Limitations also keep her out of Wal-Mart, since the chain does not offer scooters and its aisles are typically too crowded. Malls and department stores are also a challenge; Malone hasn't been to either by herself in years. “I would love to shop in Bloomie's,” she sighs, saying it's too difficult to load the scooter. Same thing for Kohl's. Though the aisles are wide, they don't offer scooters.

Her favorite stores are Eckerd, Kroger, and Target. Her advice to retailers? Maintain an eagle eye on service. For example, she befriends employees in stores she visits frequently so she can get help reaching items on high shelves.

“You can tell, I'm used to ordering people around,” Malone says. “I'm a fanatic for good service no matter where it is.”
— Renée DeGross

Doug Miller

Location: Tallmadge, Ohio
Profession: High-school student, pizza-maker
Age: 17
Annual income: About $2,000 to $3,000.

While his parents might say it's anyone's guess what's going on in Doug Miller's mind, they would likely be surprised by how astute he is about marketing and branding.

He describes his peers as “walking billboards,” with designer logos plastered all over their clothes. “It's a good marketing ploy,” Miller says, but, he suggests, pretentious: “I know some kids who won't wear anything but Abercrombie & Fitch. If someone gets me a shirt and I like it, I'll wear it no matter who made it.” He likes Aeropostale shirts and has a lot of them because they are frequently on sale. He'll even shop at a thrift shop, to find a one-of-a-kind shirt for, say, $2.

He's also keenly aware of how advertising can sway consumer decisions, citing, for example, a commercial for AXE deodorant body spray, where a guy walks into an elevator spraying on the product, which makes a beautiful girl go crazy. “A lot of guys are wearing that now,” he says.

He defines style as “being your own person,” but still conforming to a group's look: “Someone who wears preppy probably wouldn't hang out with someone who wears Gothic.” His friends take their fashion cues from local college students and actors and musicians. Everyday gear includes rugby, polo-style and tee shirts; wide-legged cargo or carpenter's pants; Adidas or Nike tennis shoes, Doc Martin or Timber Wolf dress shoes and leather jackets.

Miller says he shops once or twice a week. “I like getting new stuff,” he says. “And it's nice when mom takes me shopping, because she has more money. But it feels good to pay with money I earned myself.” An offensive lineman on the Stowe High School football team, he notes, “sports take a lot of time, so I can't work as much during the season and don't have much money to spend then.” During the off season, Miller earns $30 to $60 a week making pizzas at Gionino's Pizzeria in Tallmadge, Ohio, but his wages drop to $20 to $30 a week during football season, which he notes is barely enough to keep him in gasoline.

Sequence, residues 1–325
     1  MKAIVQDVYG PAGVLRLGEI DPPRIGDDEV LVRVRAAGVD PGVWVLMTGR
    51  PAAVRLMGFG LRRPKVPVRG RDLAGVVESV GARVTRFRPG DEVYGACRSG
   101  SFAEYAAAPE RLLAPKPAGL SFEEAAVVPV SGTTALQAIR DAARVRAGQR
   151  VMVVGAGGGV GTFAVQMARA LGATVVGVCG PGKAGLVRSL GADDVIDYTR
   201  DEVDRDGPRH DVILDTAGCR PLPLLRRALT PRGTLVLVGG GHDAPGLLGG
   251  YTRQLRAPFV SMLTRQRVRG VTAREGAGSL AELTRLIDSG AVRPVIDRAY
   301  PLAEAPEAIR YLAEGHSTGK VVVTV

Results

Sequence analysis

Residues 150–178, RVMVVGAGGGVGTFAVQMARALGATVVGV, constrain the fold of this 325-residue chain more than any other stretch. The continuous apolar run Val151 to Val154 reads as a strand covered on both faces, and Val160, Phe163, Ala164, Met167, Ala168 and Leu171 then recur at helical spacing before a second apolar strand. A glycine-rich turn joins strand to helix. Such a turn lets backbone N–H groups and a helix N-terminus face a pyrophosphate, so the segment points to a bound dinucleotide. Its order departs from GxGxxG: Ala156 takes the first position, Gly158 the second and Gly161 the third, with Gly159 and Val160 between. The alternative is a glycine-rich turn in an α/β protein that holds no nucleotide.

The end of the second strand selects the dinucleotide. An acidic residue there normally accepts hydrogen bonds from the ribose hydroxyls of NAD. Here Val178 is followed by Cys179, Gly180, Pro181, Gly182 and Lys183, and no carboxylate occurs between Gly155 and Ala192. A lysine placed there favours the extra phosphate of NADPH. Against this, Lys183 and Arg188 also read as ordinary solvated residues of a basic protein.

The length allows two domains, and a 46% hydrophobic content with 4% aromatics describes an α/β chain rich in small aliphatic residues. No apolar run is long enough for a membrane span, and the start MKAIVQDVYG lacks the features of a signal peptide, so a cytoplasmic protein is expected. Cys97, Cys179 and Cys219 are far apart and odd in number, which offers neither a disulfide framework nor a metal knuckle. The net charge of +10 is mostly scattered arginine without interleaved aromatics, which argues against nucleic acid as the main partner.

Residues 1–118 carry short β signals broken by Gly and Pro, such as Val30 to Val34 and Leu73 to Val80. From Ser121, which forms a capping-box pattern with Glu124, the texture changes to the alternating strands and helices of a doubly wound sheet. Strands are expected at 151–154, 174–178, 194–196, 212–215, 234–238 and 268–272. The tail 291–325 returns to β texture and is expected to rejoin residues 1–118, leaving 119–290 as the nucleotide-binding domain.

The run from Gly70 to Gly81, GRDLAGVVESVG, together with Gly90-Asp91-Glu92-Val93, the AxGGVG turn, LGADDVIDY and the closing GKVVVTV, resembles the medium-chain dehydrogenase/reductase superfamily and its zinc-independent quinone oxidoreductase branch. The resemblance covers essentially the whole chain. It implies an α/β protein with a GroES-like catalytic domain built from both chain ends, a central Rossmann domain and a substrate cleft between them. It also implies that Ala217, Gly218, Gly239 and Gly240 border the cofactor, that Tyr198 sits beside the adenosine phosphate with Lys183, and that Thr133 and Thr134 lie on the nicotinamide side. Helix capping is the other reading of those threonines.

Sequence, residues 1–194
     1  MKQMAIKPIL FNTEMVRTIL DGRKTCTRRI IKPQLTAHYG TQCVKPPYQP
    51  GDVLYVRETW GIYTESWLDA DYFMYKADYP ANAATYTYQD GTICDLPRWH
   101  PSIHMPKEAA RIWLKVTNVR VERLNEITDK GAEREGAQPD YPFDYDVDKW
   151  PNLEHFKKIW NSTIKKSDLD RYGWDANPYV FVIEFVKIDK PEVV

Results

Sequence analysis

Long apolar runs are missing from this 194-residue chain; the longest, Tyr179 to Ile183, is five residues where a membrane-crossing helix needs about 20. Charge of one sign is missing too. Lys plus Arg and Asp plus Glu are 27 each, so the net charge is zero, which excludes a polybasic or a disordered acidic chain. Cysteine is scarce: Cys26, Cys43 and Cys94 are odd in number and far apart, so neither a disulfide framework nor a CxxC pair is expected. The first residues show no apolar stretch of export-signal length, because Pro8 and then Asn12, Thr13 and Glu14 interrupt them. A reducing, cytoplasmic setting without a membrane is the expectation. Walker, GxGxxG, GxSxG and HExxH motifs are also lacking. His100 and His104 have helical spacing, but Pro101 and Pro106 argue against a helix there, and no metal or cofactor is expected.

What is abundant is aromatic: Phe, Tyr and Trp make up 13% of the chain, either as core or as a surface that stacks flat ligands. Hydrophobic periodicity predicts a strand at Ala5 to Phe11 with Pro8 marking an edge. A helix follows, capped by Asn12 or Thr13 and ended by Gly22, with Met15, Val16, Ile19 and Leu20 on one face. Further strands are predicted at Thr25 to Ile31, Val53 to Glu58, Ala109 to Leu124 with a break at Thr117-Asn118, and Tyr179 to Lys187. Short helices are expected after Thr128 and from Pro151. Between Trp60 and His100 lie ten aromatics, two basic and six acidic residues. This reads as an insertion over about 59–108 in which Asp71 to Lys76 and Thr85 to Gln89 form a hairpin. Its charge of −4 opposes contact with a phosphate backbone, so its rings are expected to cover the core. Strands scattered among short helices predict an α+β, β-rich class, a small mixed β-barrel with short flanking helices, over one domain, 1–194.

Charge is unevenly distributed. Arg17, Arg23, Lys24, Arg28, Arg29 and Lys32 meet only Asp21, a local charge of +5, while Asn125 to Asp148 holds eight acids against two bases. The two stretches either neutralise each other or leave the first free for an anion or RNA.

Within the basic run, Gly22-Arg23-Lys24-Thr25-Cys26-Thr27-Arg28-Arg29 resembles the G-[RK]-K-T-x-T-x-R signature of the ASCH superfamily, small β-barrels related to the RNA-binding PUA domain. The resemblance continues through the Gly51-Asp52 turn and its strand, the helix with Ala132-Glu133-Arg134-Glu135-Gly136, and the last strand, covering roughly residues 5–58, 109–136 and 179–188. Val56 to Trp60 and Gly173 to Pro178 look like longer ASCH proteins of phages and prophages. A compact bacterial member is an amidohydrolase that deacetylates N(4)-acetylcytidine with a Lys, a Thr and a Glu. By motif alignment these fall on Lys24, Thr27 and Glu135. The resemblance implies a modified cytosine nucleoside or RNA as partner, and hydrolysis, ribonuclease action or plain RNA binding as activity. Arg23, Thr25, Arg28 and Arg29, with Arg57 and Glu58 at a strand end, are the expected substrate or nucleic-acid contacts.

Miller says that he puts more thought into big-ticket purchases, like the $600 stereo system he wants for his car. “I save up for large purchases.”
Patricia Kirk

Gayle Slurzberg

Location: Philadelphia
Profession: Graphic designer, wife, mother
Age: 46

Gayle Slurzberg, a 46-year-old wife, mother, and graphic designer for the Free Library of Philadelphia, takes on the role of family COO when she shops.

She carefully tracks the bottom line, keeps outlays to a minimum, monitors the price/value equation, maintains a tight schedule and knows just what her customers — her husband and three daughters — want.

Shopping, for Slurzberg, boils down to value and time. “I'm not the type of person who really has that much disposable income to make it a hobby,” she says.

Shopping trips are carefully planned. She tries to limit excursions to three times a week — evenings after work and on Sundays. That includes two trips for groceries and one for other family needs. She may make just a single stop each trip, generally for no more than an hour. “If we're going to go buy shoes, we just go buy shoes.” Usually, Slurzberg shops alone. “I'm pretty good at figuring out what my family wants.” If she were more organized, she says, she would clip coupons and schedule trips to wholesale clubs.

She especially likes Bed, Bath & Beyond and department stores Strawbridge's and Macy's because, she says, it's “easy to find different things — like clothes, cosmetics and shoes. The quality tends to be pretty good, and the prices are kind of middle to high.” She also favors discounters Burlington Coat Factory and T.J. Maxx.

Customer service is important, and she decries the lack of it. “(Consumers) really are kind of trained not to receive any, so I don't expect it,” she says. On a recent trip to Marshall's, for example, she found much of the merchandise “all mushed,” a real turn-off.

Slurzberg's advice to retailers? Hire people who have experience and provide good service, but not if it means raising prices. “That's the retailer's problem,” she says. “If they want me to be happy, to come back and to buy, then they have to supply the customer service. Also, keep the store well organized, and offer a variety of sizes, not just Size Two.”
Howard Reill

Rod Austin

Location: Longwood, Fla.
Profession: Pharmaceutical sales rep
Age: 31
Annual income: $110,000

For Rod Austin, “Shopping is an extreme pleasure. I savor every experience,” says the single pharmaceutical sales rep. Clothes are his passion. “I don't draw or paint, so putting together an outfit is my form of art expression.”

It's also a sport — finding that perfect designer shoe or shirt by browsing at his favorite discounters — Marshalls, Ross and T.J. Maxx. His parents instilled in him the importance of dressing well. They also taught him brand loyalty. His mother washed clothes with Tide; so does he. Another thing they taught him is frugal shopping. When money was tight during college, he relied on outlet malls for designer duds at rock-bottom prices, but now he says their prices are too steep. Even though his high income affords him more luxury, Austin still focuses on value. It's why he avoids places like Neiman Marcus. “I can shop elsewhere and create the same look for less,” he says.